Last Saturday, freshman quarterback Connor Halliday may have saved the game, the season and maybe head coach Paul Wulff's job, leading the Washington State Cougars to a 37-27 victory over Arizona State.
His reward is his first collegiate start this coming Saturday against Utah, in the Cougars' final home game of the season.
Against ASU, Halliday entered the game on the third series and never relinquished his post, going 27-for-36 for 494 yards, with four touchdowns and no interceptions. Not a bad way to start your collegiate career.
He was named the Pac-12's Offensive Player of the Week.
Is starting him the right move? I don't think Paul Wulff has any other choice.
The only factor that would cause Wulff not to start him is the fact that Saturday's game is Senior Day at Washington State.
That means Marshall Lobbestael, who has started eight of 10 games this season, will watch from the sidelines, at least in the onset.
Halliday was not meant to finish the game against ASU; but when his first pass was an 85-yard touchdown to Marquess Wilson, he was given the chance to keep playing, and he never gave it up.
This is definitely what the fans want to see; but how long of a leash does Halliday get?
Will the Cougars win against Utah?
I'm a little skeptical that Saturday was one of those situations where a player doesn't have time to think about playing and is just thrust into a role and has that one magical day. Not trying to discredit everything Halliday did—but it's almost unfair that he set the bar so high for himself and it will be very difficult for him to duplicate.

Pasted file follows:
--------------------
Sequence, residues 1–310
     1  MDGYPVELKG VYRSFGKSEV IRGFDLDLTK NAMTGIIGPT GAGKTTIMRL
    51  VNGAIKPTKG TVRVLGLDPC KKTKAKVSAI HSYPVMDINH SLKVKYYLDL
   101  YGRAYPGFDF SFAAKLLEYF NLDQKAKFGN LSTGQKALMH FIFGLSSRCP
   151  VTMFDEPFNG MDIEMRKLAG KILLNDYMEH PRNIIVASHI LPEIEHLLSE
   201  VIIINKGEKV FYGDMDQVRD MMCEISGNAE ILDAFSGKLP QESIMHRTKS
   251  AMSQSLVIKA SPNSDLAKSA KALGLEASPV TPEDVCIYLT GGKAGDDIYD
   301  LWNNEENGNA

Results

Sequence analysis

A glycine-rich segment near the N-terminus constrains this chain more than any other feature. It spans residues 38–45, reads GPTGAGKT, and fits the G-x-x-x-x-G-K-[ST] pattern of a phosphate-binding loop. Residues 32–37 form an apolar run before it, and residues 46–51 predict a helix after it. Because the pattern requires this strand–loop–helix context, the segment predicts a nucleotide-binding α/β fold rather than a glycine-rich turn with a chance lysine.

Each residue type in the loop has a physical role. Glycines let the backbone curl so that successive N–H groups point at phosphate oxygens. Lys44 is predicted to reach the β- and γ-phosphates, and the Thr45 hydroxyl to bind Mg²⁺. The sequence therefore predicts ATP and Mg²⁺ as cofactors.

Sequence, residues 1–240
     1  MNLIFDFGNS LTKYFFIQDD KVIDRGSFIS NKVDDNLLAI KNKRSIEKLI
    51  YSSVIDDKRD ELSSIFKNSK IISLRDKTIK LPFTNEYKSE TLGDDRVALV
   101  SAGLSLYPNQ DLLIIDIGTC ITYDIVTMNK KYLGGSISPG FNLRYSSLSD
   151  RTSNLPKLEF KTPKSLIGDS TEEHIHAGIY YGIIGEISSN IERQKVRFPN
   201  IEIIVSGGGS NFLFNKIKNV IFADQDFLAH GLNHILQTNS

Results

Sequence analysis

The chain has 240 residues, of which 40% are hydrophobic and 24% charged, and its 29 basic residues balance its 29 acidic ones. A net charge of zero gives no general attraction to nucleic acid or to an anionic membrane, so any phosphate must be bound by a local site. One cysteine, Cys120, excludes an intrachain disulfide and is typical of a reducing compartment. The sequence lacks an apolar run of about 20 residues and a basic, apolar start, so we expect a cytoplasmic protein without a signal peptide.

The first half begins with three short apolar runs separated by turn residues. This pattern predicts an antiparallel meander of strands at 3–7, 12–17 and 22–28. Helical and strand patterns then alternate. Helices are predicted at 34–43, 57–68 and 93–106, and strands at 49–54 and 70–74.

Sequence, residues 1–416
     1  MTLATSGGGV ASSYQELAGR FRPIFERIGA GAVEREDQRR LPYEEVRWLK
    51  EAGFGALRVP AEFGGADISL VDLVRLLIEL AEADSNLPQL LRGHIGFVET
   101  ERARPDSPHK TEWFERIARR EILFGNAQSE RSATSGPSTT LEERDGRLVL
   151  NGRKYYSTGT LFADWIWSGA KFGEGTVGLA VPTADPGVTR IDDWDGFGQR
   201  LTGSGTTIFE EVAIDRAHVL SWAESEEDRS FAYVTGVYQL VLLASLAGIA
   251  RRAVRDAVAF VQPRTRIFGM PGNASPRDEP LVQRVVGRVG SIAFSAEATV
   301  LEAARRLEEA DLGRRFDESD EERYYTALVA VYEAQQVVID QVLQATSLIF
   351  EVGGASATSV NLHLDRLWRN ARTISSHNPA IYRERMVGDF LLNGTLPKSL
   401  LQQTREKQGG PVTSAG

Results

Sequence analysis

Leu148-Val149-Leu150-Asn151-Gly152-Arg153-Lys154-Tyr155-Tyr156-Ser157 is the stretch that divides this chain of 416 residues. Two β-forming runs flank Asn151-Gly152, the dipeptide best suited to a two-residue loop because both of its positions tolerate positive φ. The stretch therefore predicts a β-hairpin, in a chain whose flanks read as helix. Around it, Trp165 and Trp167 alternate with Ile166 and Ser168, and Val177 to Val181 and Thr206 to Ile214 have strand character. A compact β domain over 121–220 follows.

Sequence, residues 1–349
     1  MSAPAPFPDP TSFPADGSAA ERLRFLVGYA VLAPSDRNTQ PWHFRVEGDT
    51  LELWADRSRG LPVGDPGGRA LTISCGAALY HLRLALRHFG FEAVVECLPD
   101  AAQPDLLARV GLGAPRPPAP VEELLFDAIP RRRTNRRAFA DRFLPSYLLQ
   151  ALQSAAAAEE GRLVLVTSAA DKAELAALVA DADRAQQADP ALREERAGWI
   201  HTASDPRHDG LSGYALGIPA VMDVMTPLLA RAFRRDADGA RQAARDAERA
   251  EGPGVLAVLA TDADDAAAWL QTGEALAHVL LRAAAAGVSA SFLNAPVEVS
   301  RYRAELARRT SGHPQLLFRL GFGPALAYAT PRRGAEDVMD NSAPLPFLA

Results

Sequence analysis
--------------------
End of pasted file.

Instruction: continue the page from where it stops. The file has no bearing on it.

Lobbestael had a similar start to his career, as well.
Back in 2008 against Portland State, Lobbestael came in as the third string quarterback and threw touchdown passes on his first two possessions before finishing the game 9-for-12 for 149 yards and zero interceptions. Lobbestael was also named the conference's Player of the Week.
Obviously, that's different than what Halliday did by a long shot both in numbers and quality of opponent; but you can't ignore the similarities.
The following week, Lobbestael faced then-No. 22 ranked Oregon and proceeded to show freshmen mistakes in a 63-14 blowout loss.
Utah is not Oregon—not by a long shot—but it won't be a cake walk either
Utah comes in with the No. 1 scoring defense in the conference and has beaten UCLA and Oregon State, two teams that Washington State has lost to.
Utah also has the second-best passing efficiency defense and leads the conference with 14 interceptions this year. Their red zone defense is stubborn as well allowing opponents a conference low 27 trips inside the 20-yard line and of those 27, have only given up 13 touchdowns.
Utah has not been in any close games this season. They win by an average of 22 points (six games) and lose by an average of 18 (four games), and only one game was within 10 points when they lost to USC 23-14 over two months ago.
And yet this game only has Utah as the favorite by a field goal.
Should the Cougars come out victorious, they'll just be a win away from bowl eligibility and their five wins this season will equal their total over the past three years.
I cracked the joke after Saturday's victory over ASU that the Hallidays came early this year.
Time to see if they'll stay late.